Alexandre-Taché Award

The Alexandre-Taché Award recognizes one having contributed to the Francophone collectivity in Manitoba or that has worked towards the development and expansion of Francophonie in Manitoba (whether locally or abroad), or that has distinguished oneself outside of Manitoba, and by the same fact, has honoured one's compatriots. Université de Saint-Boniface awards this prestigious honour during the university convocation held normally in June.

icone_pdf Nomination Form (French Only)

 

Past Recipients

1987 ....... Sénateur Joseph Guay
1988 ....... Lionel Fréchette (posthumous)
1989 ....... Fernand Mario
1990 ....... Maurice Gauthier
1991 ....... Laurent Desjardins
1992 ....... Lucille Maurice
1993 ....... André Martin et Marie-Josèphe Ragot (posthumous)
1994 ....... Augustine Abraham
1995 ....... Lucien St-Vincent
1997 ....... Antoine Gaborieau
2000 ....... Sœur Jacqueline St-Yves
2001 ....... Lucien Guénette
2003 ....... Père Gérald Labossière
2004 ....... André Fréchette
2006 ....... Guy Roy
2008 ....... Normand Boisvert
2010 ....... Roland Mahé
2012 ....... Origène Fillion
2014 ....... Lorette Beaudry-Ferland
2016 ....... Luc Côté (posthumous)

Who Was Alexandre Taché?

Alexandre-Antonin Taché was born in Fraserville, Rivière-du-Loup, Quebec, on July 23rd, 1823. His parents were Charles Taché and Louise-Henriette Boucher de La Broquerie. Alexandre studied at Petit Séminaire de Saint-Hyacinthe from 1833 to 1839, and then moved on to Grand Séminaire de Saint-Sulpice in Montreal. From 1842 to 1844, he served as regent at Collège de Chambly. In 1844, he returned to Saint-Hyacinthe, where he worked as a teacher. His religious studies completed, Taché joined the Longueuil Missionary Oblates of Mary Immaculate on October 5th, 1844. He didn’t stay there long, because on June 24th, 1845, he was sent, along with Father Pierre Aubert O.M.I., to do missions in the Red River colony, where they arrived on August 25th, 1845.

Collège was founded in 1818 by Monsignor Norbert Provencher as a school to teach Latin to young boys of the Red River colony. After arriving in St. Boniface on August 25th, 1845, Brother Alexandre Taché, who was only 21 years old and merely a subdeacon, and Father Pierre Aubert pioneered the Oblates missionary work in the Northwest, which would become Western Canada. Mgr. Provencher ordained Alexandre Taché deacon on August 31st, and priest on October 12th. He was named bishop in 1850 and accepted his episcopal seat in St. Boniface in 1854.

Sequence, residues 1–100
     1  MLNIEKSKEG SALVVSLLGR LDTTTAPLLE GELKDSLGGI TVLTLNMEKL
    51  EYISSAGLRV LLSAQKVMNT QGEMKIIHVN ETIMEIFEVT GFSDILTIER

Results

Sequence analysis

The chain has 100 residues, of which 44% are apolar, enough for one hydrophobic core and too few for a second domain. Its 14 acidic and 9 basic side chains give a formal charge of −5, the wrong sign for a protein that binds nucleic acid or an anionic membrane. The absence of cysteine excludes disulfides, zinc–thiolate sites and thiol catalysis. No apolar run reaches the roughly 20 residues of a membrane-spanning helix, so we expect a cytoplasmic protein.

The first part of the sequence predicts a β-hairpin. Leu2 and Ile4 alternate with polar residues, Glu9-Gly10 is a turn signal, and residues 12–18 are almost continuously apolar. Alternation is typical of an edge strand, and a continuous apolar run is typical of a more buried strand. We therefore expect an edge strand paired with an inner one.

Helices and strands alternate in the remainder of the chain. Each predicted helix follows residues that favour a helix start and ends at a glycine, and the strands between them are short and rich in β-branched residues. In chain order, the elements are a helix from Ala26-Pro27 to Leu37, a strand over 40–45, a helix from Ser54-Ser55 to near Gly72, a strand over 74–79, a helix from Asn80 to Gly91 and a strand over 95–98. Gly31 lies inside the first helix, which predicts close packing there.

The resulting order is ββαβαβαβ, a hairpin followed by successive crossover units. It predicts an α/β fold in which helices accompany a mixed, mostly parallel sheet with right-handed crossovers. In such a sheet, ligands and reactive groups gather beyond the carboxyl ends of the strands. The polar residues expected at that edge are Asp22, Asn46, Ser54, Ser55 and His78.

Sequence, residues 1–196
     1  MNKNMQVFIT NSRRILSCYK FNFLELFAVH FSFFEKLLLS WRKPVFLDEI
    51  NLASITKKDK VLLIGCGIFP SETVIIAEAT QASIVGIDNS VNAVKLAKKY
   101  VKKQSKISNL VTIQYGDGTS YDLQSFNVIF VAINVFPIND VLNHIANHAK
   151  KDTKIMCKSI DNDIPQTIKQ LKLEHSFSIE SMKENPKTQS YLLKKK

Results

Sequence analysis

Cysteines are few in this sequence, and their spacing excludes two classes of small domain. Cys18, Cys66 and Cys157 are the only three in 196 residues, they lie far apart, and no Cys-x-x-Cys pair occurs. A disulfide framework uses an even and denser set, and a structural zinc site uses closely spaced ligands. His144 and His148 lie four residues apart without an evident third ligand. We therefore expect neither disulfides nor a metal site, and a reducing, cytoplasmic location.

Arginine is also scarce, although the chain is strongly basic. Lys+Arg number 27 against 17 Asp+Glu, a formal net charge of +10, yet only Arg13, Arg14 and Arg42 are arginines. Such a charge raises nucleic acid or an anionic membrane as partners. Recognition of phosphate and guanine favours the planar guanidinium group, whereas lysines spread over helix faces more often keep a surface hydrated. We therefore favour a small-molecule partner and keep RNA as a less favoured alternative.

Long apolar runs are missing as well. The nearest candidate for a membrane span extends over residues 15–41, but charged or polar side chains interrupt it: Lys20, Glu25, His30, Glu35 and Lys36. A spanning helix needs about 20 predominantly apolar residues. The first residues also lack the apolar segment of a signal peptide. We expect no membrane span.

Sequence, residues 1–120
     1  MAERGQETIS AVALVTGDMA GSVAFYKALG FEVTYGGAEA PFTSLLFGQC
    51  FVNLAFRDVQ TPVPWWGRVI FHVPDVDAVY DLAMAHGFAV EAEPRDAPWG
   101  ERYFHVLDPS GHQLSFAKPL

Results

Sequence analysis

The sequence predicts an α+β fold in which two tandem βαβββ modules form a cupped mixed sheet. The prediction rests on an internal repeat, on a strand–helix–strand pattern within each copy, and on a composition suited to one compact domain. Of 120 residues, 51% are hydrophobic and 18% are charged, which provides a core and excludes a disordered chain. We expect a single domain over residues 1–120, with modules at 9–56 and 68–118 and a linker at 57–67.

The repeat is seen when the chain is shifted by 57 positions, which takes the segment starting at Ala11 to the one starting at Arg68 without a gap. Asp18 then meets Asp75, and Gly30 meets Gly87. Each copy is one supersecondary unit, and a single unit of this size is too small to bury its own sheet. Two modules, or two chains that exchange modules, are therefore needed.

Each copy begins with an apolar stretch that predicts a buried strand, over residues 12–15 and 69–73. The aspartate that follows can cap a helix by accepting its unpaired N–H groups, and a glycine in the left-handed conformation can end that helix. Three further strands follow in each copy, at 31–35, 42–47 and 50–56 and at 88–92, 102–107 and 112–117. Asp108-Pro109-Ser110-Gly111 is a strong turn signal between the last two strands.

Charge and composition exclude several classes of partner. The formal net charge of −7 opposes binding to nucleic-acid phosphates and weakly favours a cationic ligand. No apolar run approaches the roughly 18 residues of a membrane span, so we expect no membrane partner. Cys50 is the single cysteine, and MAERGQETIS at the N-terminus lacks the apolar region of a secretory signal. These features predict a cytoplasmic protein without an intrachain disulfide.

Run in turn by the Oblate Fathers, the Brothers of the Christian Schools, and the secular clergy, Mgr. Alexandre Taché entrusted Collège to the Jesuit priests in 1885. They managed the institution for 82 years, until 1967. On November 10, 1969, the archbishopric passed Collège and its management to a new administrative council, comprised mostly of secular members appointed by Francophone organizations in the Manitoban community. 

After Manitoba received its provincial status, Mgr. Taché remained very active in the political arena. He participated in the distribution of electoral districts, which determined the representatives sent to the Legislative Assembly. He also drafted most of the 1871 bill on the school system. 

The Oblates were also actively involved in institutions dedicated to promoting, recruiting and training Oblates. In 1905, the Oblates founded Juniorat de la Sainte-Famille in St. Boniface. To ensure basic training for prospective Oblates, Mgr. Alexandre Taché opened a novitiate in St. Laurent in 1887.

From 1870 to 1880, Mgr. Taché worked to bring Catholic Francophone immigrants to the West. He supported the creation of the Société de colonisation du Manitoba.

When the Manitoban government abolished the Catholic and Protestant public school systems in 1890, Mgr. Taché, whose health was increasingly declining, led a resistance movement. He remained active in this movement until his death in 1894.